Instead of just thinking that a child will be able to pick up exactly what you’re trying to teach, talk to them about it. Even if you have to talk to each player individually, it’s important that they know what is and what is not allowed when it comes to aggression on the field.

As always, make sure to prioritize fair play and respect for the opponent. Teach them how to play positively and safely. This is called “Appropriate Aggression”. It rejects the idea that a player has to injure their opponent, be mean or disrespectful towards them.

The key here is to find the balance between aggression and still being respectful. Ensure to review the complete set of soccer rules, including the section that specifically applies to fouls and misconduct.

3. Watch Professional Soccer

Although you might not have much control over what your kids watch on television at home, encourage them to watch professional matches. You can even make it your soccer “homework” for them to go home and watch a game or two.

Talk with parents about them watching more games at home if the players have a real interest in soccer. Not only is this a good idea for the kids to watch how professionals play, it is also important to normalize aggression as they watch how professional players behave on the field and how they can be aggressive without crossing the line, in most cases.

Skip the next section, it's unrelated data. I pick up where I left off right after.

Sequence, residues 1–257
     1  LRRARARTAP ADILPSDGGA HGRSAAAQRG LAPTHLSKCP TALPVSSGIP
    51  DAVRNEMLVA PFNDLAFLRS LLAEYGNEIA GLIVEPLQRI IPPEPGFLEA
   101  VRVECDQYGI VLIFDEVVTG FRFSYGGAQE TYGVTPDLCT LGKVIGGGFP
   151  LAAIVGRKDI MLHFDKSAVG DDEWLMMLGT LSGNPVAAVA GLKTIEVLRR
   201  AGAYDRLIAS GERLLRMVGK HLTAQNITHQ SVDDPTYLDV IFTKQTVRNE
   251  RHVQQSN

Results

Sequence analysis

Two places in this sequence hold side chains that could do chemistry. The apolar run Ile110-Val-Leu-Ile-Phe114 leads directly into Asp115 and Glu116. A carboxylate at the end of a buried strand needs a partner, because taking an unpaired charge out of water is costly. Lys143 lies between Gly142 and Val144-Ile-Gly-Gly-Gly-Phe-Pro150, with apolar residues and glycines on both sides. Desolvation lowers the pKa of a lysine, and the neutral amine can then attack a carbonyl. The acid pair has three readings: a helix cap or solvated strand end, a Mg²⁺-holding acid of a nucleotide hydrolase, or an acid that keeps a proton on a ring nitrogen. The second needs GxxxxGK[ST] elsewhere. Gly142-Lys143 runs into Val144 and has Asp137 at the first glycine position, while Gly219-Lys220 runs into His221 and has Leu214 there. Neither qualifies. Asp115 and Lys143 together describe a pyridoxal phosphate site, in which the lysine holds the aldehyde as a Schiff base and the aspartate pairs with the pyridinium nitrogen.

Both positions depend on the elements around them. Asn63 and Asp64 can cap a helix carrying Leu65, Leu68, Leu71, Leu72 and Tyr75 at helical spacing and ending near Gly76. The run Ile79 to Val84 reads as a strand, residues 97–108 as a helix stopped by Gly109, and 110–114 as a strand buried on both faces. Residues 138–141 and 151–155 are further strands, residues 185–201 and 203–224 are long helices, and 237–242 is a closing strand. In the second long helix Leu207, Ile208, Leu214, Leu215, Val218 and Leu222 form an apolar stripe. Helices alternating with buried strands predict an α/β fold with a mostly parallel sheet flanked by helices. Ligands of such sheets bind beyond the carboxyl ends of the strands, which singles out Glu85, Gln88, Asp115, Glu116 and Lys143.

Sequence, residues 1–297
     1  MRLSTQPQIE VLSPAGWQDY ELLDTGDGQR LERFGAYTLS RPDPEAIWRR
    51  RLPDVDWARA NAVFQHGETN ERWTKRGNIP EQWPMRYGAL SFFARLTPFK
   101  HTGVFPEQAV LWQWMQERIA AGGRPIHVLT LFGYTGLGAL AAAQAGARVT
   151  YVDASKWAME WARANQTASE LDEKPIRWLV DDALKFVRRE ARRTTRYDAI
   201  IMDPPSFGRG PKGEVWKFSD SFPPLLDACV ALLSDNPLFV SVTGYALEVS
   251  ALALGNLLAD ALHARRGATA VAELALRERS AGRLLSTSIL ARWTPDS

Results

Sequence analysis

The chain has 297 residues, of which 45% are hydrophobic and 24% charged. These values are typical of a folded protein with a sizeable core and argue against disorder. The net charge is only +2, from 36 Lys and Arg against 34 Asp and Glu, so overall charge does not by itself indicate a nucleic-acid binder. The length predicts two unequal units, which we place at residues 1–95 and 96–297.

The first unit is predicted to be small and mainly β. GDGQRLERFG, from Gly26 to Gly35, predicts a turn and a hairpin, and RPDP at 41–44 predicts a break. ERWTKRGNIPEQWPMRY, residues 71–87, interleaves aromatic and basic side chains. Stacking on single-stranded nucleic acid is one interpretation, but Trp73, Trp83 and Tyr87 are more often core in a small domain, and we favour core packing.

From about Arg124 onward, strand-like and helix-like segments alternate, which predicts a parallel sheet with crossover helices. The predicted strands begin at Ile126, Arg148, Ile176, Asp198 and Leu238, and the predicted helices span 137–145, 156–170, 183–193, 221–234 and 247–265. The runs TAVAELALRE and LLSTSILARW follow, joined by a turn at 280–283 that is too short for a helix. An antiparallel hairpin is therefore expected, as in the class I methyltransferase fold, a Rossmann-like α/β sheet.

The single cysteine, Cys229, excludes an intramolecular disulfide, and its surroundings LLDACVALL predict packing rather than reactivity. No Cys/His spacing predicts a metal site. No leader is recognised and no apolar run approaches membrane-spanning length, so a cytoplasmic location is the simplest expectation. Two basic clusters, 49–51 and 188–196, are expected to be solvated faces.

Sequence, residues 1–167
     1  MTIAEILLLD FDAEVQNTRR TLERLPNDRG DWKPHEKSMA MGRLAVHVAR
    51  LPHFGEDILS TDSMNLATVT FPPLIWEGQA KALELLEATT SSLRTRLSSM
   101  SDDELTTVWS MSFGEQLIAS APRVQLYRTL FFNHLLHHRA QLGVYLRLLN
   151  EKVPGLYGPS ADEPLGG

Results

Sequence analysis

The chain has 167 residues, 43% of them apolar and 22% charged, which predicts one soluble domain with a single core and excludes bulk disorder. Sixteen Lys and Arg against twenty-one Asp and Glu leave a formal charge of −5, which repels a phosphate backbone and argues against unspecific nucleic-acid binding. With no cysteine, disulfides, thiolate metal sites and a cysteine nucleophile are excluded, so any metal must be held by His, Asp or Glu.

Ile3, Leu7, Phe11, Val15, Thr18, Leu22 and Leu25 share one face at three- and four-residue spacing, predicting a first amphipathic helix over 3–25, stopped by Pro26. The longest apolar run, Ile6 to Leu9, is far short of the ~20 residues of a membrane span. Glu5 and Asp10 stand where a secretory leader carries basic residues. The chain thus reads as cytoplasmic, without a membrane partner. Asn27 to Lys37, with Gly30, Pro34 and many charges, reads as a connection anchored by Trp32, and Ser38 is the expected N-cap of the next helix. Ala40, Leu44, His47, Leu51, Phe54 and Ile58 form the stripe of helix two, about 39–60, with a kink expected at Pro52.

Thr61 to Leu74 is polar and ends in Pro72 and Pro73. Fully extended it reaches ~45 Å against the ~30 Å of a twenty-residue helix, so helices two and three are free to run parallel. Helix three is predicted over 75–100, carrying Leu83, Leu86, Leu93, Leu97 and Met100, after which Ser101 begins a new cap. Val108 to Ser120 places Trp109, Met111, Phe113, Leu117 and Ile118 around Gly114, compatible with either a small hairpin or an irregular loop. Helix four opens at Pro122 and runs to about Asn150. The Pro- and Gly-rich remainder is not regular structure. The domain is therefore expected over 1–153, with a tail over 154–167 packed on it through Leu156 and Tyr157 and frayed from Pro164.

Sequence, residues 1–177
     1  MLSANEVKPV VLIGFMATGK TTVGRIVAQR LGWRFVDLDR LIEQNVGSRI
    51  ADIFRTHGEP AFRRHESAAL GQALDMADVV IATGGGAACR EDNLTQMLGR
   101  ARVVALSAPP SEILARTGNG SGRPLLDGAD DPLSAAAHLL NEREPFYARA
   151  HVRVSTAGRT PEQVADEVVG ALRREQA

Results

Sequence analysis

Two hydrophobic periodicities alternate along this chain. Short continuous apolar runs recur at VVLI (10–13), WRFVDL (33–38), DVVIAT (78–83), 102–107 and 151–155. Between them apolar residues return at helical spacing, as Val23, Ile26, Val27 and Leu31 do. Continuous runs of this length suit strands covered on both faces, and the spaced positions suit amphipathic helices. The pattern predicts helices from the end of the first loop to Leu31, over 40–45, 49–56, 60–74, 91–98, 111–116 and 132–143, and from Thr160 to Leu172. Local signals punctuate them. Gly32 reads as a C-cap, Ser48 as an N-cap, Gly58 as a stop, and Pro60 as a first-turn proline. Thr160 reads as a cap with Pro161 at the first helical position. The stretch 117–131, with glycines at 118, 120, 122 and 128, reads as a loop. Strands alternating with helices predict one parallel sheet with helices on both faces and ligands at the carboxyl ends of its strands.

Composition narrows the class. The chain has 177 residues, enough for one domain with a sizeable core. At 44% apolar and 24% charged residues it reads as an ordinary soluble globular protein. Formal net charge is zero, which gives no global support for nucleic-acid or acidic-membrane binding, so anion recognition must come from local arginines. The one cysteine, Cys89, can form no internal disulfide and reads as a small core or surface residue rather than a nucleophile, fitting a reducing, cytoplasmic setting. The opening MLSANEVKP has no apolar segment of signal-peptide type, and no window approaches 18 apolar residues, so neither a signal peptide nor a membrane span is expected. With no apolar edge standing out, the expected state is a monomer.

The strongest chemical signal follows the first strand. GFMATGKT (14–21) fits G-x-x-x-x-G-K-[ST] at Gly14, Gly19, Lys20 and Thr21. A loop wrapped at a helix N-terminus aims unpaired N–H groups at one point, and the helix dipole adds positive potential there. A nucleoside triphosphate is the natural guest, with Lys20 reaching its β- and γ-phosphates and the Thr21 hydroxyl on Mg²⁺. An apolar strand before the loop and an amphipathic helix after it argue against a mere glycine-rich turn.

Even holding a film session with your team can help you point out situations where players should be more aggressive. That way, they can visually see when it’s appropriate and necessary.

4. Guide Them During Play

No one likes a coach who talks too much. Of course, it’s your job to give positive feedback or constructive criticism. However, you should try to do it during the game.

During a game, players have they’ve gone through fresh in their minds (and their bodies). Commenting on it directly after it happens is a great way to promote aggression.

Some words you can say to them after a good 50-50 challenge would be to encourage that sort of tackle. If you see a player is trying for it and loses anyway, you can still reward them for getting in there and being aggressive for the ball.